Carry the gospel with you

Posted in christian, Christianity, inspirational, religion, scripture by Mike on May 17, 2013

do-you-love-meGospel reading of the day:

John 21:15-19

After Jesus had revealed himself to his disciples and eaten breakfast with them, he said to Simon Peter, “Simon, son of John, do you love me more than these?” Simon Peter answered him, “Yes, Lord, you know that I love you.” Jesus said to him, “Feed my lambs.” He then said to Simon Peter a second time, “Simon, son of John, do you love me?” Simon Peter answered him, “Yes, Lord, you know that I love you.” He said to him, “Tend my sheep.” He said to him the third time, “Simon, son of John, do you love me?” Peter was distressed that he had said to him a third time, “Do you love me?” and he said to him, “Lord, you know everything; you know that I love you.” Jesus said to him, “Feed my sheep. Amen, amen, I say to you, when you were younger, you used to dress yourself and go where you wanted; but when you grow old, you will stretch out your hands, and someone else will dress you and lead you where you do not want to go.” He said this signifying by what kind of death he would glorify God. And when he had said this, he said to him, “Follow me.”

Reflection on the gospel reading: In this passage Jesus contrasts the difference between life before and after a commitment to him. At the core of the passage is the question Jesus asks Peter, “Do you love me?” It is the question which Jesus asks me today. It is the question which Jesus poses to you today. “Do you love me?” Jesus asks the question knowing that it is the decisive question, the question that goes to the essence of why we are alive. The real answer to the question decides every other issue in our lives: what we do when we get up in the morning, what we read, how we treat one another, our relationship to the needy, what we do before we go to bed at night. In the passage, Jesus contrasts the two kinds of people in the world. There are people who dress themselves and go where they want and there are people whose lives lead them to let someone else dress them and lead them where they do not want to go. In other words, people who do not love Jesus live lives on their own terms, and people who love Jesus follow the radical promptings of the Spirit. I suppose a good many of us are somewhere between those two extremes, and so Jesus continues to ask today, “Do you love me?”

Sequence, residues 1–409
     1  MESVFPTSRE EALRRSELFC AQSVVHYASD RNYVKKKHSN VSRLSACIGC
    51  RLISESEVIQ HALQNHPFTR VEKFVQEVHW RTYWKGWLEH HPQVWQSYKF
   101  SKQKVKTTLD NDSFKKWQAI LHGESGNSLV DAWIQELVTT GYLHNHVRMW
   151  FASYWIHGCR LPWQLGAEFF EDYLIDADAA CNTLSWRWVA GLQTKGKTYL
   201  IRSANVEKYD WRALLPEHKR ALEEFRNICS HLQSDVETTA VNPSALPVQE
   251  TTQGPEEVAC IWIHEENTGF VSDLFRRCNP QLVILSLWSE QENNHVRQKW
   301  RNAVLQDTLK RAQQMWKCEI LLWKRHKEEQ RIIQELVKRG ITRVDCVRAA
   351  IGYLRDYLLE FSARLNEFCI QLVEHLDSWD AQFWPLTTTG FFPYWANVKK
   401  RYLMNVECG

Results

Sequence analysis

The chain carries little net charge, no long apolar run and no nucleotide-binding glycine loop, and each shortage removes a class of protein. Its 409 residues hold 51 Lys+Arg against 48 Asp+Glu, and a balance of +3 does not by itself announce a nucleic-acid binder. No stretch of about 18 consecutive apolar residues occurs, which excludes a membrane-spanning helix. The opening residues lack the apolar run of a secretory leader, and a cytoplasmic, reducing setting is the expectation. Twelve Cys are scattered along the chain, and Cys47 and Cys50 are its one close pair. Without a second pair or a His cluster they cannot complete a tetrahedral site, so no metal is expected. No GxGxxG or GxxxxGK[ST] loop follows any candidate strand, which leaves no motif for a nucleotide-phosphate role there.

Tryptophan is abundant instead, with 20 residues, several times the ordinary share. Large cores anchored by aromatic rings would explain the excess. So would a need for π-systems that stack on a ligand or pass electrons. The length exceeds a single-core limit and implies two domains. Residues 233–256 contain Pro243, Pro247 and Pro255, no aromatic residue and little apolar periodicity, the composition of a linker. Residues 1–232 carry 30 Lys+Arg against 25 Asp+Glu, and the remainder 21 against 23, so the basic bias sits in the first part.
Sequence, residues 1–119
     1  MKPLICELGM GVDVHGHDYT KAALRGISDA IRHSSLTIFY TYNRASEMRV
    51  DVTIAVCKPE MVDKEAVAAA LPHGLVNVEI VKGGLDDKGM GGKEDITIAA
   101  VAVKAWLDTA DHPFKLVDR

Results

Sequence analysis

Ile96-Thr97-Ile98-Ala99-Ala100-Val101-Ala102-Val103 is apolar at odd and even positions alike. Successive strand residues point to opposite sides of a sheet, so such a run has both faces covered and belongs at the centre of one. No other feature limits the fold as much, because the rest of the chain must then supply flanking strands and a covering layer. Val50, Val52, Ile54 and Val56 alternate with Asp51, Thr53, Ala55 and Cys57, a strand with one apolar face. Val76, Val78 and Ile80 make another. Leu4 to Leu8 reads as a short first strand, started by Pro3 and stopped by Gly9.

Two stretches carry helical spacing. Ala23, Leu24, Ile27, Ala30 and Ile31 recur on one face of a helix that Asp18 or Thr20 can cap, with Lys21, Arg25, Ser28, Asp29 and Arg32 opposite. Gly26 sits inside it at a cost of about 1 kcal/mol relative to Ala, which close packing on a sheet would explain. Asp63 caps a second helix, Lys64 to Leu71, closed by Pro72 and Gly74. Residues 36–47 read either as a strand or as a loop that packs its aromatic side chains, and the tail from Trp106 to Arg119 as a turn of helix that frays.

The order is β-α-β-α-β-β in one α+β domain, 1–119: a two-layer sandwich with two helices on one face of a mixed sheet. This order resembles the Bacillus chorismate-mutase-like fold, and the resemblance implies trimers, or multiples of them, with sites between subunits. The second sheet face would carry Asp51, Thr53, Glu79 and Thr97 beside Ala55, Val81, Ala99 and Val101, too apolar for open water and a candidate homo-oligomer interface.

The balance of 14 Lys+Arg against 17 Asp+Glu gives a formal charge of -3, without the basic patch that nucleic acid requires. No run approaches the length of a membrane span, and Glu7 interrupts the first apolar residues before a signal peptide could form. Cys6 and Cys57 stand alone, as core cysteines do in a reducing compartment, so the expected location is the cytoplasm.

Saint of the day: A Romanian Orthodox prince born in 1873, Vladimir Ghika converted to Catholicism in 1902. An ardent contemplative and active on all fronts, in diplomacy, charity and the apostolate, he became a priest, then a prelate in 1931. While still a layman, the Prince obtained two doctorates in Rome, in philosophy and theology. His writings harmoniously blend the poetry of an oriental spirit with theological rigour. He died a martyr in Romania in 1954 and his writings have been a real influence on the foundation of our Religious Family. His ghika2beatification process has just been opened. Born in a palace in Constantinople on Christmas Day, 1873, he was the grandson of the last sovereign of Moldova. A Romanian Orthodox prince, of French origins through his mother, he received a refined education, which put him in touch with the internationale elite. During his brilliant studies in Toulouse and Paris, he converted to Catholicism in 1902.